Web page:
[Show abstract][Hide abstract] ABSTRACT: Obesity is associated with a chronic and low-grade inflammation which may cause hypoferremia as seen in patients with chronic inflammatory diseases. The aim of the present study was to investigate the relationship between iron status and markers of inflammation in morbidly obese women and the effect of bariatric surgery.
Our cohort of patients consisted of 178 morbidly obese females selected for bariatric surgery. Clinical and biochemical data were recorded before surgery, and histopathological studies were carried out on preoperative liver biopsy samples. Fifty-five patients have been followed up after bariatric surgery.
A high prevalence of iron depletion was present in this cohort, with 53% having a transferrin saturation ratio below 0.20. Iron depletion was significantly correlated with raised levels of indices of inflammation, C-reactive protein (CRP), orosomucoid and haptoglobin), and with the white blood cell count. In multivariate analysis, orosomucoid and CRP were independently associated with iron depletion. Moreover, 6 months after bariatric surgery, inflammation level decreased, which was inversely correlated with the increase in transferrin saturation.
Iron depletion is common in morbidly obese women. Low-grade chronic inflammation associated with obesity could be a modulator of iron uptake and utilization. Bariatric surgery may reduce chronic inflammation and improve iron status.
Obesity Surgery 07/2008; 18(6):709-14. DOI:10.1007/s11695-007-9276-y · 3.75 Impact Factor
[Show abstract][Hide abstract] ABSTRACT: C-Reactive Protein (CRP), a nonspecific marker of inflammation that is moderately elevated in obesity, metabolic syndrome (MS), and type 2 diabetes, has been proposed as a surrogate marker of nonalcoholic steatohepatitis (NASH). Its clinical usefulness in the diagnosis of NASH was evaluated in severely obese patients without or with MS, diabetes, and NASH and the potential roles of the liver and of the adipose tissue in CRP production were characterized.
Severely obese patients without NASH (without MS [N = 13], with MS [N = 11], or with MS and diabetes [N = 7]) and with NASH (without [N = 8] or with [N = 7] MS) were studied. For each patient, liver and adipose tissue biopsies were collected during a bariatric surgery and were used to determine the CRP gene expression by real-time PCR. The role of interleukin-6 (IL6) and lipopolysaccharide in CRP expression was also evaluated in subcutaneous adipose tissue obtained during cosmetic abdominoplasty.
Plasma CRP levels were elevated in severely obese patients independently from the presence or absence of MS, diabetes, or NASH. CRP gene expression was not only increased in livers but also in adipose tissues of obese patients compared with controls subjects. In human adipose tissue, CRP mRNA levels were positively correlated with those of IL-6 and the CRP expression was enhanced in vitro by IL-6 and lipopolysaccharide.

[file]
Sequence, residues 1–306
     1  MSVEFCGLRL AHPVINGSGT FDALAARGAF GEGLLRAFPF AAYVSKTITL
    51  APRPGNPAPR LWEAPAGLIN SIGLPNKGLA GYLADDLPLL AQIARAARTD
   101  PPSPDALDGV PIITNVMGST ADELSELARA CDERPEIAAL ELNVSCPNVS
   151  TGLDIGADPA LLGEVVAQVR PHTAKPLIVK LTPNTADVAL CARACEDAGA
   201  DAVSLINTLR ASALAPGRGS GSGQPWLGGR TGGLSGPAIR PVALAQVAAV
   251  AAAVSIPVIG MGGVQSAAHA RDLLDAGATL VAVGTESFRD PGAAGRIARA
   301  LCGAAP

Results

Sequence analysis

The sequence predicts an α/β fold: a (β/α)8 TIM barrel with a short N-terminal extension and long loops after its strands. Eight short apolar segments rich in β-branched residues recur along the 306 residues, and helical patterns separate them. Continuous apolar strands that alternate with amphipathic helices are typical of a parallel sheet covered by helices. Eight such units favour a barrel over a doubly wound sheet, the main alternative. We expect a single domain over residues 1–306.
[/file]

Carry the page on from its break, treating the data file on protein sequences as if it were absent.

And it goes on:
Plasma CRP levels are not predictive of the diagnosis of NASH in severely obese patients. The liver but also the adipose tissue can produce CRP, a process which could be dependent on IL6. Therefore, both tissues might contribute to the elevated plasma CRP levels found in obesity. In addition, the large amount of body fat may well produce an important part of the circulating CRP, further limiting its clinical usefulness in the evaluation of NASH in severely obese patients.
The American Journal of Gastroenterology 09/2006; 101(8):1824-33. DOI:10.1111/j.1572-0241.2006.00724.x · 10.76 Impact Factor
[Show abstract][Hide abstract] ABSTRACT: Hepcidin is an acute-phase response peptide. We have investigated the possible involvement of hepcidin in massive obesity, a state of chronic low-grade inflammation. Three groups of severely obese patients with or without diabetes or nonalcoholic steatohepatitis were investigated.
Hepcidin expression was studied in liver and adipose tissue of these patients. Hepcidin regulation was investigated in vitro by adipose tissue explant stimulation studies.
Hepcidin was expressed not only in the liver but also at the messenger RNA (mRNA) and the protein levels in adipose tissue. Moreover, mRNA expression was increased in adipose tissue of obese patients. The presence of diabetes or NASH did not modify the hepcidin expression levels in liver and adipose tissue. In adipose tissue, mRNA expression correlated with indexes of inflammation, interleukin-6, and C-reactive protein. Interleukin-6 also promoted in vitro hepcidin expression. A low transferrin saturation ratio was observed in 68% of the obese patients; moreover, 24% of these patients presented with anemia. The observed changes in iron status could be due to the role of hepcidin as a negative regulator of intestinal iron absorption and macrophage iron efflux. Interestingly, a feedback control mechanism on hepcidin expression related to low transferrin saturation occurred in the liver but not in the adipose tissue.
Hepcidin is a proinflammatory adipokine and may play an important role in hypoferremia of inflammation in obese condition.